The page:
Comments Are Code


"Comments" in your program that are processed in special ways by your development tools aren't just comments -- they're CODE.

Why does this matter?
When using a methodology that limits your use of comments (like ExtremeProgramming) comments subject to special automated processing don't really count as comments.

Examples of comments intended for special processing:

Perl POD anyone?

The code you write as "code" needs to...
  1. instruct the machine
  2. inform the poor sap who comes later. The code, nearly always, will be what and how, seldom why. And why is the domain of comments. So the code you write as "comments" needs to
  3. instruct/inform the poor sap who comes later, so he doesn't retrace your steps through the swamp. You're not programming the machine at this point, but the poor sap.

I dare to state that every time you add comments to your code you are writing instructions to your code management tools (version control, project management, source navigation, automated testing, user documentation, etc.), or else your development environment is obviously flawed.

I'm not 100% sure that I'm right, so I want to see some counterexamples. And please don't fear to be wrong yourself, as it will help you, me, and others -- NikitaBelenki

So, anyone?

When I write Perl, I either use vi or a text editor in MS-DOS. At what point are the comments anything other than syntax?

When you use grep, I think :)

When I write C++, I use VC++6. Comments are either VisualStudio extensions (in which case they are coloured grey), or they are comments proper, in which case they are merely comments.

Can you show an example of the code that contains "merely comments"?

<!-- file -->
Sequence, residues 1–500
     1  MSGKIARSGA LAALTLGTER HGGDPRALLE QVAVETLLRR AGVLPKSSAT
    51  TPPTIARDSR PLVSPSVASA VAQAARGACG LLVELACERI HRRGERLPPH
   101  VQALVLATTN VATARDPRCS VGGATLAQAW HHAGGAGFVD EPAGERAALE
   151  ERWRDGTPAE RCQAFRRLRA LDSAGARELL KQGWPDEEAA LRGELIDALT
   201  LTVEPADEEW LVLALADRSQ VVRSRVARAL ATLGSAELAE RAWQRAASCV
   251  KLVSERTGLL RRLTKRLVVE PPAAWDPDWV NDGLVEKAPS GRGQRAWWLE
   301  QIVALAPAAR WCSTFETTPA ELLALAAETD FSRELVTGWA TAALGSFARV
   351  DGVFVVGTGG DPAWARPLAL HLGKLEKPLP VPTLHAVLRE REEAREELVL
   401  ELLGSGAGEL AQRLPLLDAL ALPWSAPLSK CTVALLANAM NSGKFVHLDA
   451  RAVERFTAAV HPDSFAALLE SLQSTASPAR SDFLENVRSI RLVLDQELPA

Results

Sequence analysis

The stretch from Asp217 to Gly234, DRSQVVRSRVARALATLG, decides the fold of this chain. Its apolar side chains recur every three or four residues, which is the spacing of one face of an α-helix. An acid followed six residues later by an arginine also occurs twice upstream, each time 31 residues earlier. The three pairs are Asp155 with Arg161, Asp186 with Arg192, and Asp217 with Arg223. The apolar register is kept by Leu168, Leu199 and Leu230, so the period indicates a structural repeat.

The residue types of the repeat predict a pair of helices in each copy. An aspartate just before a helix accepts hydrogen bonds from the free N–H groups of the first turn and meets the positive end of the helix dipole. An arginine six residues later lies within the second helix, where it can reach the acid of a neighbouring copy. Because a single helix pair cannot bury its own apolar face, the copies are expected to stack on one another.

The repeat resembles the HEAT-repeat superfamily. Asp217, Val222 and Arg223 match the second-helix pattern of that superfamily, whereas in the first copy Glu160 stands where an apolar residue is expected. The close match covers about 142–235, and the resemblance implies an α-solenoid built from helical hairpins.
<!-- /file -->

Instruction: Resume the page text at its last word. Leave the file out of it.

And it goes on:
When I write Java, JavaDoc really is code. But it's illegal (as in by the courts) to extend the language through comments, unless you are Sun. So, comments are comments, unless they are JavaDoc. (*)

So it can be that either JavaDoc comments are sufficient, or Java sucks. Not a counterexample. Although there is an interesting question. Some version control systems use pseudocomments to put their stuff into the code. Is it illegal to use them with Java?

Dunno. Ask ScottMcNealy.

On the other hand, in the sense that TheSourceCodeIsTheDesign, and you want SelfDocumentingCode via LiterateProgramming, comments as code is an important realization.

See FileHeaders for an example of where comments aren't code in the sense they do anything, but they are an important part of the code.

I would say that if you have ever run anything like perl -e 'while(<*>){ open F,$_; print scalar(<F>) for(1..2); }' against your codebase then this is a good example of CommentsAreCode.

(*) The motivation is to avoid language forking through third-party extensions. Another example of Sun (arrogantly?) dictating how developers will solve problems. Where Perl's motto is "there is more than one way to do it," Java's is "there is only one way to do it." This is really against the CommentsAreCode hack. And a hack is really what it is. See the <STYLE> tag in DHTML. So I can't really say whether this philosophy is good or bad. I'd rather have good languages, but I recognize the pragmatic need to get something done now with the existing languages. -- SunirShah

My point was that comments are either a part of well-organized data for your development tools, or not the best location to put the information in the first place. So if the CommentsAreCode is a hack that you don't want to use, your development tools shall do such a good job that you would never need to put any comment directly into your source code.